Loading ...
Sorry, an error occurred while loading the content.

Server implementation: stubmaker vs. roll-your-own ?

Expand Messages
  • napc_kai
    all- hoping for some advice here. I need to create a server to respond to a 3rd party client. They have provided the WSDL file, and I have generated a module
    Message 1 of 4 , Feb 8, 2006
    • 0 Attachment
      all-

      hoping for some advice here.
      I need to create a server to respond to a 3rd party client.
      They have provided the WSDL file, and I have generated
      a module using stubmaker.pl, but this is where I am stuck.
      For a server do you define the actual sub function in that
      module that are defined in the %methods hash, and they
      are subsequently called when the incoming SOAP message
      is dispatched ? It wasn't clear to me from what I've read
      if this stub module is meant to be used when implementing
      a server.

      After many hours of puzzlement and frustration I created
      my own package that implements each function and is
      successfully called by the client. Here though I need to
      add the complex data types which are choking during
      deserialization.

      So, from a server standpoint what is the best approach:
      Using the module created by stubmaker.pl or just creating
      your own package ?

      a nudge in the right direction would be much appreciated.

      thanks,

      -kai
    • Eric Bridger
      I m no expert but I believe you have this backwards. A WSDL is published by a SOAP server and tells a SOAP client how to connect, what methods are available,
      Message 2 of 4 , Feb 9, 2006
      • 0 Attachment
        I'm no expert but I believe you have this backwards.

        A WSDL is published by a SOAP server and tells a SOAP client how to
        connect, what methods are available, what the paramters are, what should
        be returned, etc. The module produced by stubmaker.pl can be used to
        create a client.

        So the short answer is to roll your own server as you've done.'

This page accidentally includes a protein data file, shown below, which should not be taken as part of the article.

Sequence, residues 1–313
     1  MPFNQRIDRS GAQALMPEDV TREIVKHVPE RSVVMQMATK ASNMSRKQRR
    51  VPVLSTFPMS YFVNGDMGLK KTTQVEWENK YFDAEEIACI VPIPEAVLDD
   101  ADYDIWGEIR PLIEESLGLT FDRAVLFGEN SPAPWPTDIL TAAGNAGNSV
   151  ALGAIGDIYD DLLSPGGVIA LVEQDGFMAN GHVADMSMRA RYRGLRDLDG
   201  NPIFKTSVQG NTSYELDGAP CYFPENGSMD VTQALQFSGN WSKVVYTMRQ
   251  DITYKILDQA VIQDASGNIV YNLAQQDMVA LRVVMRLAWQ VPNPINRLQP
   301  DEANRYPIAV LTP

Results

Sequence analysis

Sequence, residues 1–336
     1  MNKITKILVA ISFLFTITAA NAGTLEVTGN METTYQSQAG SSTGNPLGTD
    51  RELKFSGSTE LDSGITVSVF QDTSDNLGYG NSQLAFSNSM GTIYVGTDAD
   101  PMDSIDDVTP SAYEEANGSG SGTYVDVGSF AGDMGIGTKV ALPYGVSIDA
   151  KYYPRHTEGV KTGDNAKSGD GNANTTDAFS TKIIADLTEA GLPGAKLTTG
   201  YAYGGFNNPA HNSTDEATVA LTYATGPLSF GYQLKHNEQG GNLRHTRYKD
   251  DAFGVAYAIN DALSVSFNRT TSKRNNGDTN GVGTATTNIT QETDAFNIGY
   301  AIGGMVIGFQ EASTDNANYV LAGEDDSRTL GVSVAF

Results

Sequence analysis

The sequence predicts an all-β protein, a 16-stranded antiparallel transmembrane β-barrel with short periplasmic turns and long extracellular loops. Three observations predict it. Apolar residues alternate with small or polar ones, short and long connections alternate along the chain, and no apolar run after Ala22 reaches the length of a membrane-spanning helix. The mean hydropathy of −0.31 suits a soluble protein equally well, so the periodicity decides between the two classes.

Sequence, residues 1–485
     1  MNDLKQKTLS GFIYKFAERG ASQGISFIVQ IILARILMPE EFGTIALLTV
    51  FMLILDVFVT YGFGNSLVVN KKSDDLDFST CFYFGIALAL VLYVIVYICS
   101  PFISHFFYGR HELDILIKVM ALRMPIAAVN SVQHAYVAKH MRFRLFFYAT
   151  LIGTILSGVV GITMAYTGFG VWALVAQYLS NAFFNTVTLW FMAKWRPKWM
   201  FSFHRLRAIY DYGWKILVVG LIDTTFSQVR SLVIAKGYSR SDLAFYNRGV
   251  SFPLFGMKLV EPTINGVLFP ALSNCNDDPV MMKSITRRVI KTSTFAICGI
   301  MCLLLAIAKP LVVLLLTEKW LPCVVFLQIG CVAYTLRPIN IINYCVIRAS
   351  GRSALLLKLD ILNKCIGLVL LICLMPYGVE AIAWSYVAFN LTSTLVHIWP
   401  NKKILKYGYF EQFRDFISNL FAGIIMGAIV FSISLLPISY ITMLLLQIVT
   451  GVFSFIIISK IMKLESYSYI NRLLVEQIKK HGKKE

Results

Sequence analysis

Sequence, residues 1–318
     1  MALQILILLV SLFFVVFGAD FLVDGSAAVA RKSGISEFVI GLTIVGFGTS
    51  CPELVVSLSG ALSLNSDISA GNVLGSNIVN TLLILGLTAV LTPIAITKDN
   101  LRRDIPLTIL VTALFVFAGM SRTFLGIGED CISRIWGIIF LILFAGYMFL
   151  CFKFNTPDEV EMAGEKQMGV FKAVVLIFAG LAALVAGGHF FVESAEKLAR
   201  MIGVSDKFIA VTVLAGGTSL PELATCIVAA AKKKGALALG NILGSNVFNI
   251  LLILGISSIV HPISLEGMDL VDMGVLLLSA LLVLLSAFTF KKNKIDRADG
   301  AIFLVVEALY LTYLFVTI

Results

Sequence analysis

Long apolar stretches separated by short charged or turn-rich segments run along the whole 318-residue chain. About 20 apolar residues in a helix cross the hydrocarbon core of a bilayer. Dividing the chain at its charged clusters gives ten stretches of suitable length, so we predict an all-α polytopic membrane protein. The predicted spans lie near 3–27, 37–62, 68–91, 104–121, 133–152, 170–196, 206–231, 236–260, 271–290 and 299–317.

>Here though I need to
        > add the complex data types which are choking during
        > deserialization.

        Do you mean the incoming paramters or the data objects you are returning?

        Either way the answer is the same. Make use of SOAP::SOM and SOAP::Data to
        parse and construct complex objects.
        See- How to nest XML elements using SOAP::Lite at
        http://www.majordojo.com/archives/2003_04.html

        Eric


        napc_kai said:
        > all-
        >
        > hoping for some advice here.
        > I need to create a server to respond to a 3rd party client.
        > They have provided the WSDL file, and I have generated
        > a module using stubmaker.pl, but this is where I am stuck.
        > For a server do you define the actual sub function in that
        > module that are defined in the %methods hash, and they
        > are subsequently called when the incoming SOAP message
        > is dispatched ? It wasn't clear to me from what I've read
        > if this stub module is meant to be used when implementing
        > a server.
        >
        > After many hours of puzzlement and frustration I created
        > my own package that implements each function and is
        > successfully called by the client. Here though I need to
        > add the complex data types which are choking during
        > deserialization.
        >
        > So, from a server standpoint what is the best approach:
        > Using the module created by stubmaker.pl or just creating
        > your own package ?
        >
        > a nudge in the right direction would be much appreciated.
        >
        > thanks,
        >
        > -kai
        >
        >
        >
        >
        >
        >
        > Yahoo! Groups Links
        >
        >
        >
        >
        >
        >
      • Kai McBride
        Hi Eric, ... That matches my understanding too. I was put in an odd position because the vendor I m working with has hard coded the SOAP calls into their
        Message 3 of 4 , Feb 9, 2006
        • 0 Attachment
          Hi Eric,

          > I'm no expert but I believe you have this backwards.
          >